(This is a thumbnail sketch, to be much fleshed-out later.)

Religion in Tomos is based on veneration of the primary spirits of the four elements; each has an associated God and Devil. These beings send emissaries -- angeloi or daemon, as the case may be -- to intervene occasionally in events on Terra. These emissaries are powerful and apparently free-willed elementals at least to the extent that emissaries of gods are free-willed. Natural disasters can accompany their displeasure, while blessings of fertile fields and good weather accompany dutiful observances. The Devils deal with matters of darkness and harsh judgment, but may not necessarily be themselves evil; on the other hand, the distinction is moot to the sorceror who just got a critical failure and is being attacked by a fire daemon.

Temples to the Four Gods are separate in major cities but combined in smaller towns, with separate shrines. Central temples are situated on the Mountain of the Four Elements, a volcano at the center of Tomos' central mountain range with a lake and hot springs overlooking a steep cliff. The powers of Earth, Fire, Air, and Water are all on vivid display here, and priestly orders have their headquarters here.

Tomosics largely pay devotions in the form of offerings and sacrifices on national holidays, or before starting a major project. Most find Amalkur of Earth to be the God directly involved with their lives, and orichalcum is considered his blessing. Sailors, farmers praying for rain (or a rain mage), and the like make Lyn of Water a strong second-place finisher. Whess of Air and Zikti of Fire receive more cursory observances from most, though blacksmiths and alchemists pay their dues to Zikti.

Among the Four Devils there is little if any actual worship. Gur, the Devil of Earth, oversees important matters of necromancy, and his afterlife, Hellstone, is known to imprison certain living entities that cannot be killed and threatened Mankind in the past. Judges and necromancers give him some quiet respect. Durn of Water, Kass of Air and Kheiaou (that's "khay-ow") of Fire are shunned, though if a powerful daemon emissary of one addresses itself to you out of the blue, politeness is probably called for. Fortunately in the opinion of most Tomosics, it doesn't happen much.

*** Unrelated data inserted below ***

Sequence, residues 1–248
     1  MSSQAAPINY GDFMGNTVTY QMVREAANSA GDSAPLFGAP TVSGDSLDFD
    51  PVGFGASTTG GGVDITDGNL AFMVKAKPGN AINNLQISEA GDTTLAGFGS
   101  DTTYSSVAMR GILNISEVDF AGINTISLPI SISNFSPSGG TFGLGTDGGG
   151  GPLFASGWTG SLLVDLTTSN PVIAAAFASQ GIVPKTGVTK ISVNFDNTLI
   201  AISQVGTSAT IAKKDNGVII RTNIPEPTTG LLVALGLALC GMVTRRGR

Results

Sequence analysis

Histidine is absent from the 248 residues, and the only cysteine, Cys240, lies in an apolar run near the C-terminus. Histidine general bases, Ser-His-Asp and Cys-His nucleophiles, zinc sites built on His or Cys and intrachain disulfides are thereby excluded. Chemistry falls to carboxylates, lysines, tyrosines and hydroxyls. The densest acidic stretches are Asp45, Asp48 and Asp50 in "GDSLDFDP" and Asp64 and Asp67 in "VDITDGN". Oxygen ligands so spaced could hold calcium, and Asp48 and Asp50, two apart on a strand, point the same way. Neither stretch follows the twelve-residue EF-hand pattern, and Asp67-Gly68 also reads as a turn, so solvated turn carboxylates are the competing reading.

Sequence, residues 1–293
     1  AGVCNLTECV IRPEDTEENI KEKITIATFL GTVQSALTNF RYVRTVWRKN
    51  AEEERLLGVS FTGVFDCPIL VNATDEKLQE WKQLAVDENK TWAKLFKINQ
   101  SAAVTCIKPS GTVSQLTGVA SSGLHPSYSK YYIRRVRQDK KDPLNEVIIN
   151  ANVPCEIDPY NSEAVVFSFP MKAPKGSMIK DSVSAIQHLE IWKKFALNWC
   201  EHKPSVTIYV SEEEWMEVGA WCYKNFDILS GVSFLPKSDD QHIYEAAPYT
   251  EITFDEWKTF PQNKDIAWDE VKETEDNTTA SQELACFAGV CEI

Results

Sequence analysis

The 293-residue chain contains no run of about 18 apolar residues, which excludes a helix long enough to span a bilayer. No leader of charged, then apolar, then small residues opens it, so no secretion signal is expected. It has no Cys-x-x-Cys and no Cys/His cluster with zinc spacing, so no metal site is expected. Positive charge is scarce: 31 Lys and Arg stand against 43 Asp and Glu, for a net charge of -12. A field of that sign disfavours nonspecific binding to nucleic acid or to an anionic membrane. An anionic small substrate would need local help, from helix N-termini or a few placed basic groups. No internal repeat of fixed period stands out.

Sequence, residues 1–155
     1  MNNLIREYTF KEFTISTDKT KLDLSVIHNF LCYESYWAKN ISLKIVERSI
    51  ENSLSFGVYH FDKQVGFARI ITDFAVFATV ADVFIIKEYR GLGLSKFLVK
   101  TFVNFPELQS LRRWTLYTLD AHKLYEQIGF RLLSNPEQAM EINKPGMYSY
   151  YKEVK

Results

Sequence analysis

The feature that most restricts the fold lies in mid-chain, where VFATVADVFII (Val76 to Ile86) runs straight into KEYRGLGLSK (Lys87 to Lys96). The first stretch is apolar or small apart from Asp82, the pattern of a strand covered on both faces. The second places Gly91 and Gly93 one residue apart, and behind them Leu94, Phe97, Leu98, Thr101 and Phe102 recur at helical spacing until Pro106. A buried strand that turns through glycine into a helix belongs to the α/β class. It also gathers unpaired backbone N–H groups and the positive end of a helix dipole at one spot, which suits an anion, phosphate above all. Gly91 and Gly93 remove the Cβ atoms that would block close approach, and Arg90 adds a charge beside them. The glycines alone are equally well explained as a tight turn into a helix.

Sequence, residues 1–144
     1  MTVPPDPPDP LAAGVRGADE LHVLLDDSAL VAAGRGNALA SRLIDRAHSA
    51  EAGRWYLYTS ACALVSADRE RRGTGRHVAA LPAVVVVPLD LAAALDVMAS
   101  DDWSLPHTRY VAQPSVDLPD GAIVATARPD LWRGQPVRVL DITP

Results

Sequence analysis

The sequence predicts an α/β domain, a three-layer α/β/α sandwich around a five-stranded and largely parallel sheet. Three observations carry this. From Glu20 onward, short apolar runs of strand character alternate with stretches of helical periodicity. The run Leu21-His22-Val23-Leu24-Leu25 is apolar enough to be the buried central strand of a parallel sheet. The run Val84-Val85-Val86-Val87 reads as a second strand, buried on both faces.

The Varen Empire, of course, is monotheistically theocratic. The Four Gods are given due respect and sacrifice, since they obviously exist, and their emissaries occasionally bring pronouncements to Varens, but the One God of Singularity is placed above them as the binding force of the Church and the Empire. Among the Four, in their cold lands, Zikti is definitely the favorite. This is probably a carryover from previous worship before the Church was founded.

Oddly enough, the Four Gods don't seem to mind a monotheistic faith, and getting an emissary to comment on the matter straight is like trying to catch a wind.

The afterlives are physically-reachable places, one in each of the four major elemental planes, with a heaven and hell each devoted to rewarding or punishment various major life choices. The dead are nearly unrecognizable without a guide, and the Gods themselves are busy entities. Reincarnation is a known fact. Varens, however, believe that the cycle of reincarnation is a temporary measure intended to purify one for a final ascent into a higher afterlife.

The Sanguine conflate obedience to leaders with obedience to morality and the Gods; a typical citizen of the Alliance utters small prayers and devotions on a daily basis in the course of his activities, and the administrative classes are regarded with veneration near holiness.

The Mikraigai assign not only the elements but individualized portions of the elements to spirits, resulting in a religion something like animism, with the Gods simply being at the top of the deity chain.

The Azarin differ too much from nation to nation to pin down. Some consider one of the Four Gods as ascendant over the others; some consider it rude to even mention them except in carefully-prepared ceremonies; some even worship a Supreme Being, and find Varen beliefs a flavor of their own.

A recent development on Terra is the discovery of "unattached" elementals: these appear to be elementals in all respects, save that, like emissary elementals, they are not subject to Control spells. They have no memory of a prior existence, and find themselves at a loss to explain how they came to be. Some of them enter into the fringes of human culture, experiencing existence and trying to find a place in the world. All but Fire elementals, modified by a later template, are suitable for use as characters.

Theories abound on what these elementals are. Has Void magic uprooted an emissary from his lord? Has the spread of humanity torn a natural elemental from its roots? No one is quite sure what is going on, even the elementals themselves.